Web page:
Can you believe that you’ve been exploring Trust with me for nearly ten weeks now? My decision to scrutinize this “small word with HUGE consequences” stems from the recognition that a Culture of Trust is the essential cornerstone of a 21st century workplace. It’s a pretty simple formula: No trust, no dice. This being stated, a recap is in order, as is the formation of the next logical steps toward achieving a trust utopia in your office.
Having joined in this exploration with me, you’re now equipped with all the different data that inform trust. Now is the moment to begin assessing others’ trustworthiness while determining how trustworthy you, yourself appear to be in the minds of those others. Like many things in life, one’s intention of how to “show up” is easier to theorize than to execute. Our subconscious minds so quickly become biased and even stressed that trying to come off toward coworkers as we do with family and friends poses a difficult challenge. It is this very challenge that I ask you to face, with a new and informed confidence. We’ll start by exploring the nuances of other people’s trustworthiness, and how adept you are at accurately interpreting them.
Get Yourself A Baseline
Due to circumstance, stress and orientation, we often don’t draw accurate conclusions about the person we’re assessing. This is where critical thinking needs to be applied. To adjust for context, begin by assigning a baseline sketch of how your colleagues show up. Try to observe them with perspective and curiosity without jumping to conclusions. Focus on one colleague specifically and superimpose that person against Maister’s Trust Equation. Then ask yourself the following questions:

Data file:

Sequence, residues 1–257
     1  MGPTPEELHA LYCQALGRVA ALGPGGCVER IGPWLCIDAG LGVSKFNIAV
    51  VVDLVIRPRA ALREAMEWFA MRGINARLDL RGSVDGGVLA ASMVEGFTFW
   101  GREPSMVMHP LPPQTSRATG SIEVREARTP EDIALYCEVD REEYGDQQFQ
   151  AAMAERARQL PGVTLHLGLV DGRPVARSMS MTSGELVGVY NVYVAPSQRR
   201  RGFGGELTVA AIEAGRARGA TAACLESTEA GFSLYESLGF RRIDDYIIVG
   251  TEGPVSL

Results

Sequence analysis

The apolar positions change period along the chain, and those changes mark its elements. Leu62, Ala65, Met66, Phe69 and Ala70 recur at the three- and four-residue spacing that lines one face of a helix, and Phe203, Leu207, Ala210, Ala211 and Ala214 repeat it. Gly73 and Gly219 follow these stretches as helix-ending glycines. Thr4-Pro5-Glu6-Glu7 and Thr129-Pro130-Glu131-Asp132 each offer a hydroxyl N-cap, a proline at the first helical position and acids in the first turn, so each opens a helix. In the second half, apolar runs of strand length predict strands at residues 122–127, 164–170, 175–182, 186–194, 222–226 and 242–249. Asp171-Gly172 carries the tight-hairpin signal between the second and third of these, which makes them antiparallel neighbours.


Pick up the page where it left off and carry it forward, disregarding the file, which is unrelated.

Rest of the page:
- On the day you met, what was your first impression of the person?
- How has that impression evolved over time?
- How does a stressful situation affect this person’s words and actions?
- Do they typically do what they say they’re going to do?
- Do they make you feel safe?
- Can you consistently count on them?
Your answers to these questions are your best friend in a trustworthiness assessment. Having employed them, you’re now prepared to interact more carefully and deliberately with the individual in question. To illustrate this more deeply, let’s get specific in a way that might ring familiar.
Applying It to Joe
Let’s consider your hypothetical colleague Joe. You can establish that basically, Joe is a good guy who tends to exaggerate a bit in front of the boss. Despite talking an occasional big game, he typically follows through and does what he says he’s going to do. Unfortunately, Joe gets anxious in meetings, and has been triggered to breach the intraoffice trust arrangement under pressure. In a recent example, you had to call him out after he “borrowed” your idea and claimed it as his own during a leadership meeting. After bringing this to his attention, you noticed he was sincerely surprised. He expressed his apologies and now takes special care to acknowledge other people’s ideas.
This is where it becomes beneficial for you to scrutinize for yourself what happens when Joe gets triggered. Although you’ll need to continue examining Joe’s impulses and motives, you can now carry forth with the relationship, confident that Joe’s idiosyncrasies do not necessarily render him untrustworthy; it’s often just Joe being Joe.
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